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Iron Age Wharfedale

Iron Age SitesPlant Dyes Crannogs & Roundhouses

Rich in Antiquities

There is no doubt that there is much to see in this part of Wharfedale; from large earthworks, stone circles, rock-carvings, enclosures and ancient trackways. The map shows the location of a few of the major sites. Ilkley Moor is particulary rich in rock-carvings, Snowden Carr above Otley is another.

Enclosures

An Iron Age enclosure/settlement on the eastern side of the Chevin has been partially excavated in Danefield Wood (E1 at the top of East Chevin Road). Beehive querns (for wheat grinding) have been found there as well as evidence of huts and roundhouses.

Backstone Beck on Ilkley Moor (E2) has been partially excavated and an enclosure and hut has been partially reconstructed.

Rock Carvings

The area has many carved rocks whose purpose is largely unexplained. Typically there are many with elliptical carvings with a hole in the center, often arranged in groups. Some of the stones are very simple in design, with just a single cup and ring, whilst others have very complex arrangements. In the books these are said to represent the sites of individual or groups of roundhouses and their boundaries.

Many of these carvings have been given speculative names referring to their location or design. The Badger Stone and Hanging Stones are shown here; these can all be visited on the first walk on Ilkley Moor. Erik Von Daniken would have a field day explaining these.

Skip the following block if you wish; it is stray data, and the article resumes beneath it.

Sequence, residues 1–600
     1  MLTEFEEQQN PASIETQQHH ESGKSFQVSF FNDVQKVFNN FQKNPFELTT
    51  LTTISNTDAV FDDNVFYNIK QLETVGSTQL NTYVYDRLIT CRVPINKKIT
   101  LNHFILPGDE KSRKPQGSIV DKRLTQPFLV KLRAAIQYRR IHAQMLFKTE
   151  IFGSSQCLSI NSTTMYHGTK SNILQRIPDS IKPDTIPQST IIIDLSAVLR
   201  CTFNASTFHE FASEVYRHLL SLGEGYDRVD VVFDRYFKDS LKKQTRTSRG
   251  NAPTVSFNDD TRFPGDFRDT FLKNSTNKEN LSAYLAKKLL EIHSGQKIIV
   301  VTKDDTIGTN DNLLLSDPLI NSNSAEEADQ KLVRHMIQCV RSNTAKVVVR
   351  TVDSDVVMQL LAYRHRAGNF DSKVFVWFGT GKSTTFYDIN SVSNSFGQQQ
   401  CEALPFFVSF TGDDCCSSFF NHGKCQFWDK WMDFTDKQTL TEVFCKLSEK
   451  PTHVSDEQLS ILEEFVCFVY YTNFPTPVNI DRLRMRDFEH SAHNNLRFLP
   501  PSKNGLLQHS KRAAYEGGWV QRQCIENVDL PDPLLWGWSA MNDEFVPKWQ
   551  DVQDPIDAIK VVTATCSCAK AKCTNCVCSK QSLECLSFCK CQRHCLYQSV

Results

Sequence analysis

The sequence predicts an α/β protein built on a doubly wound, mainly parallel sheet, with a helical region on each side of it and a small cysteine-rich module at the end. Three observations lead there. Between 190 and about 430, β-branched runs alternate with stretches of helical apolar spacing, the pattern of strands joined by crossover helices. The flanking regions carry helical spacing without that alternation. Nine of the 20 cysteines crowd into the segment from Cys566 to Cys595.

Map Showing Iron Age Sites (not to scale)

The Badger Stone - Ilkley Moor

Detail from Hanging Stones - Ilkley Moor

Iron Age 'Forts'

There are two earthworks that could be looked upon as forts. The larger is to the west of Addingham round Counter Hill (F1 on the map). It's also known as Conaltradh (and is in the book).

From the Northern Antiquarian: "More than -mile across along its longest NW-SE axis, and a half-mile from north-south at its widest point, this huge ellipse-shaped earthwork surrounds the rounded peaked hill that gives the site its name: Counter Hill."

Castleberg (F2) sits between Nesfield and the Wharfe north west of Ilkley. Its earthworks are well-defined and occupy an imposing position on the top of a steep bank of the river. Again the site has not been seriously excavated. The fact that it sits so near to the river has lead to speculation that it might have been some kind of religious base for worship of the river goddess Verbeia (see below).

Sources

E.T. Cowling spent years investigating in Wharfedale and published a book "Rombald's Way: A pre-history of mid Wharfedale" in 1946. The book is no longer in print, but there is a copy in the Otley Museum. Below is a sketch he made of details of the Hanging Stone.

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